Current projects along the Verde and San Pedro Rivers focus on linking wildlife to environmental flows and riparian habitat.
We have established research sites along the lower San Pedro and Gila River to study reptile and amphibian communities across three riparian forest types – cottonwood/willow forest, mesquite bosque, and non-native saltcedar stands. The goal of this project is to compare wildlife communities across forest types and evaluate species-habitat relations. Whether from climate change or increased demand from growing human populations, scientists expect less water to be available to maintain flows in perennial and intermittent streams. We are investigating how wildlife communities could change with shifts in vegetation responding to lower hydrologic flows. This study will allow our research team to evaluate which wildlife species might be winners and losers in a drying environment.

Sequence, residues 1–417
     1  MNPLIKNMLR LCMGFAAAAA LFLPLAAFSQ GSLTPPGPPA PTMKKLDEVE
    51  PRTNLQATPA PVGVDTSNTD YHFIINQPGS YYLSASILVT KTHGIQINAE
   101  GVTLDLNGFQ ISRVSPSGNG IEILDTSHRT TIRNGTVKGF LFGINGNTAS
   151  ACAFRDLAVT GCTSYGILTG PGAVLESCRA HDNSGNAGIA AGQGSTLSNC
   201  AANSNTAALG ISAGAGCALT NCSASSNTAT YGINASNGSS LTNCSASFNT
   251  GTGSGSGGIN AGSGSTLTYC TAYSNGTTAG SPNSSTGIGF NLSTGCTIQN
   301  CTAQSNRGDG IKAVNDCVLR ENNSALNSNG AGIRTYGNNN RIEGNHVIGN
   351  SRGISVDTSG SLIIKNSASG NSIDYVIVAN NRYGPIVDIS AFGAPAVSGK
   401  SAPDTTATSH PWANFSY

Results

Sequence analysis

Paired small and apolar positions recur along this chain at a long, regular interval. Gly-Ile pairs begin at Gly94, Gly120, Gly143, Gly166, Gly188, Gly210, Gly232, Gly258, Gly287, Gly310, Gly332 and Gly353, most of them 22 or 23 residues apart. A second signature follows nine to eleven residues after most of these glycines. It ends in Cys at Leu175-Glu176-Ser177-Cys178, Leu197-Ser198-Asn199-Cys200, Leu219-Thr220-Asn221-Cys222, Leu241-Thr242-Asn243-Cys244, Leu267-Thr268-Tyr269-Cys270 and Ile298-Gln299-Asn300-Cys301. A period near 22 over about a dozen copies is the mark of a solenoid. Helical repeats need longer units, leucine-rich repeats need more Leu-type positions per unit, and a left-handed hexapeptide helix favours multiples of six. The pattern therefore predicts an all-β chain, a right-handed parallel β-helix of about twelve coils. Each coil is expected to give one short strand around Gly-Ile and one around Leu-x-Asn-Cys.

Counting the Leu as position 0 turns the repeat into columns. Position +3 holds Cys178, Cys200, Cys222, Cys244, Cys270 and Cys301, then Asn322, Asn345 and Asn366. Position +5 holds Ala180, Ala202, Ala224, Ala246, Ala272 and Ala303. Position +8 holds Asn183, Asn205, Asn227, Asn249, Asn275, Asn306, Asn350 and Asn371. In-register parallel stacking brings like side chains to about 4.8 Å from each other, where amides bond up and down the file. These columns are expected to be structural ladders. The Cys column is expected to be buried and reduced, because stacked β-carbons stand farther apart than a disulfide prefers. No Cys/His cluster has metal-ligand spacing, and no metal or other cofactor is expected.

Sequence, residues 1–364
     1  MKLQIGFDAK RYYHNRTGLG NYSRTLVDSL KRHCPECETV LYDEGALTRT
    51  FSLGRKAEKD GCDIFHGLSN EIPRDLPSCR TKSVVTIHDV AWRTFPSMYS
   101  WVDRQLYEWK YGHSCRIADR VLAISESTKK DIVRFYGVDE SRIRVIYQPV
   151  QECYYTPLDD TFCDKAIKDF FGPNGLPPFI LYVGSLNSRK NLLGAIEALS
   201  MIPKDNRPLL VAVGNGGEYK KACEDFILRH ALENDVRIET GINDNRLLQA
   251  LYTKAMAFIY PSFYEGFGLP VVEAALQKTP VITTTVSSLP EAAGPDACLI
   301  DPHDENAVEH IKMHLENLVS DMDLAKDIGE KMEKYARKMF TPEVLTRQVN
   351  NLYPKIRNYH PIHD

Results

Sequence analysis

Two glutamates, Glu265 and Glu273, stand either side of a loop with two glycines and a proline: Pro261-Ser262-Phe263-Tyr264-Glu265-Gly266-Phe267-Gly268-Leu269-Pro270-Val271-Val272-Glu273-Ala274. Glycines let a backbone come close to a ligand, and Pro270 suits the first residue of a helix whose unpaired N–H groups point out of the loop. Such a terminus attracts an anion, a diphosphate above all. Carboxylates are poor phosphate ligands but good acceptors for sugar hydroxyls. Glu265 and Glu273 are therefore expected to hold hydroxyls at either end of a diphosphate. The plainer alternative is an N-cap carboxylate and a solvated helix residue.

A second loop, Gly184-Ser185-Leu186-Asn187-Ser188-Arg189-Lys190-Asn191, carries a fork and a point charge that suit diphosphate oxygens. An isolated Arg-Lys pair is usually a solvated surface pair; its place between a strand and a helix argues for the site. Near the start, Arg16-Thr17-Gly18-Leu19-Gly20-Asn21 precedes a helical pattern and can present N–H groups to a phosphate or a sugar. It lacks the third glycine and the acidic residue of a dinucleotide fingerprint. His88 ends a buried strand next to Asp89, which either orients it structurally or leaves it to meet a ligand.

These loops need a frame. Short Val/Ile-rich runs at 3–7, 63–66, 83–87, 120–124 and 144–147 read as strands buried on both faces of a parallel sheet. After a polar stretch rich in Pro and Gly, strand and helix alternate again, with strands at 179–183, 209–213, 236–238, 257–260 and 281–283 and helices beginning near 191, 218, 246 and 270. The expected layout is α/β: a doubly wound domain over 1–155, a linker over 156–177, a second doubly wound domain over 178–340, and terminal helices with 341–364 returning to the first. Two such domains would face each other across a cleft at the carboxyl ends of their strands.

Another project is in collaboration with the USDA Forest Service. Collaborators include scientists from U.S. Geological Survey and Arizona Cooperative Fish & Wildlife Research Unit. Our objectives are to relate instream flows to habitat characteristics along a desert perennial stream. My specific focus is to relate avian and herpetofauna species composition to riparian habitat. See our paper in Ecological Applications for more information.